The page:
~ They urge King Darius to sign an unalterable decree that no person can call upon any god - except the king - for one month or they will be thrown to the lions (v. 7).
~ After Daniel knows the decree is official, he continues his habit of praying with his windows open three times daily (v. 10).
~ The conspirators tell the king, reminding him he must honor his decree (vv. 12-13).
~ The king is sorrowful and seeks for a way to spare Daniel (v. 14).
~ Just before Daniel is cast into the den of lions, the king tells him he is certain his God will deliver him (v. 16).
~ The king fasts all night, overcome with grief (v. 18).
~ The next morning the king comes to the den, calling to Daniel to see if his God is able to save him (vv. 19-20).
~ Daniel affirms Darius he is unharmed because God has shut the mouths of the lions (v. 22).
~ The king releases Daniel from the den, confessing that Daniel’s faith in God is the reason for his safety (v. 23).
~ Darius casts Daniel’s accusers and their families into the den where they are immediately devoured (v. 24).
~ The king decrees the entire nation must worship Jehovah because of His power to deliver so completely (vv. 25-27).
~ Daniel continues to prosper in Babylon (v. 28).

As the book unfolds, we see how God overrules seemingly impossible political entrapments. Another truth established numerous times through the book is the weakness of those who appear to be the strongest. Though surrounded by jealous co-workers, Daniel consistently demonstrates integrity (6:3).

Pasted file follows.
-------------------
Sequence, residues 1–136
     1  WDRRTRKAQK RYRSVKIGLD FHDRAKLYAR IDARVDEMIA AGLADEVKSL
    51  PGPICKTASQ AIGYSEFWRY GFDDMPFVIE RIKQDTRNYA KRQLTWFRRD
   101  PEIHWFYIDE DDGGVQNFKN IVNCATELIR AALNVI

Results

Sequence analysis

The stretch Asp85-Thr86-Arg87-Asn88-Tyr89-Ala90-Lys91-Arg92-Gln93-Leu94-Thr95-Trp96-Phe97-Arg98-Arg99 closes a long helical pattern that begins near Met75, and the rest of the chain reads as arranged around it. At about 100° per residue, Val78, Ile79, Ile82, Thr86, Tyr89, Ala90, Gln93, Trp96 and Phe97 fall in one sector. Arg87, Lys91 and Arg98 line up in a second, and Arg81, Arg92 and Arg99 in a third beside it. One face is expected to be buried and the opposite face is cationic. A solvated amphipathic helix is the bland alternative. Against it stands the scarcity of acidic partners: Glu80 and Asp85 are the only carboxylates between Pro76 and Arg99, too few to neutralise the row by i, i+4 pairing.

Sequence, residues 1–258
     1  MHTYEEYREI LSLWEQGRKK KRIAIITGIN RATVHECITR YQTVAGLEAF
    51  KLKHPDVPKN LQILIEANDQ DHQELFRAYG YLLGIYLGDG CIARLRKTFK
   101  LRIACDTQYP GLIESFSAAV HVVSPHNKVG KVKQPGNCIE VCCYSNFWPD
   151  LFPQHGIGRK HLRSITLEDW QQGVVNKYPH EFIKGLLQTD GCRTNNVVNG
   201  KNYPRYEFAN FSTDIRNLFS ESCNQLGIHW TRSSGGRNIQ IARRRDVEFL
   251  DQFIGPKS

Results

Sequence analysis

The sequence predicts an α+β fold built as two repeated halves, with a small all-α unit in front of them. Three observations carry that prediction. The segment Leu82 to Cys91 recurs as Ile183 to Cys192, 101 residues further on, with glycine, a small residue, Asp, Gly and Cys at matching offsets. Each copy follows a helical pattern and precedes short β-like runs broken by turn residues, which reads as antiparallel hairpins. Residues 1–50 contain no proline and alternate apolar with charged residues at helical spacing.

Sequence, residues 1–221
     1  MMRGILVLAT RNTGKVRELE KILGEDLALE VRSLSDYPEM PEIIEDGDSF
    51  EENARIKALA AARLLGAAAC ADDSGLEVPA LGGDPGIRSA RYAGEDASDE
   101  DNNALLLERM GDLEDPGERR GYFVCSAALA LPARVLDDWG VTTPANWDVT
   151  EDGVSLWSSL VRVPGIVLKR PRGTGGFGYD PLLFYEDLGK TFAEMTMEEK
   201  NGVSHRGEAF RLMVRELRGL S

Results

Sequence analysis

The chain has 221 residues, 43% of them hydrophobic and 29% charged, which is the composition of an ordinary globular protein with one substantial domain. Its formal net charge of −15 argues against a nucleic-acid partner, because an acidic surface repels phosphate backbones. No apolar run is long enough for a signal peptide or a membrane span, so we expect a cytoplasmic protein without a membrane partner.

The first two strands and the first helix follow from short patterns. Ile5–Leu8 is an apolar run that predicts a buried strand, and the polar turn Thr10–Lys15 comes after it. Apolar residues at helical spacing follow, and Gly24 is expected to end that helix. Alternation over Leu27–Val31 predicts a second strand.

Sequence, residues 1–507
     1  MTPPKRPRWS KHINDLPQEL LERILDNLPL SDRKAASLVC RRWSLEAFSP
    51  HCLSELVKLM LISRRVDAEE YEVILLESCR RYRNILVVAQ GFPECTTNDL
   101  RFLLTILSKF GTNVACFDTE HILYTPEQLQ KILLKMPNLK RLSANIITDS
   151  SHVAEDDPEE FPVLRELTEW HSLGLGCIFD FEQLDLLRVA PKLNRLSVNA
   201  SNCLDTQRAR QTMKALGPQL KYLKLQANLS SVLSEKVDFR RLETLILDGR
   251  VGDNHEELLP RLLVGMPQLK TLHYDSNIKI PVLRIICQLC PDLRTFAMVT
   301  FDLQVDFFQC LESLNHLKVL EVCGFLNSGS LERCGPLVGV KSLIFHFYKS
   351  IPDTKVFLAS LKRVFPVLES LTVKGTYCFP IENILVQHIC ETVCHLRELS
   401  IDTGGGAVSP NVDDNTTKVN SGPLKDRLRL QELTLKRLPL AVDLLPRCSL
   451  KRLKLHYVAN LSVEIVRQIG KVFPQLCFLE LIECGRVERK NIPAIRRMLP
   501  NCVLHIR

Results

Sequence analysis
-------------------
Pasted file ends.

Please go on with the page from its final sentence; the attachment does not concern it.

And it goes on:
The scope of the book of Daniel reaches far beyond godly men surviving furnaces and lions. Only in his twelve chapters is so much significant prophecy written so concisely and precisely. The eternal and universal purpose of his work is to show God will ultimately establish “a Kingdom which can never be destroyed,” not by the Babylonians, Chaldeans, Romans, Assyrians, Egyptians, or any satanic force (2:24; 6:26 & 7:14).

Points to Ponder:

~ Envy manifests itself when goodness and greatness is manifested in the lives of others. It is clear jealousy sets the stage for the series of events that develop in this chapter.

~ Divine law transcends human law. Daniel stays true to God despite the king’s legislation. Bad laws can never justify bad conduct.

~ The lives of Christians are closely monitored. Those who seek to destroy Daniel know his lifestyle is faultless.

~ Daniel’s prayer life is a matter of public record. The world is watching to see if our faith in Christ is consistent.

~ The tables will turn as integrity and fidelity are maintained. Those who attempt to take away Daniel’s life lose their own lives.

~ Those high in political circles need not forsake God in order to succeed. Daniel held the highest office in Babylon next to King Darius and stays true to God.

~ We must be willing to take spiritual risks. Daniel is fearless of the consequences of his disobedience to the king.

~ A Believer who stands strong in faith, despite possible repercussions, will ultimately force his adversaries to confess God’s reality and power (vv. 26-27).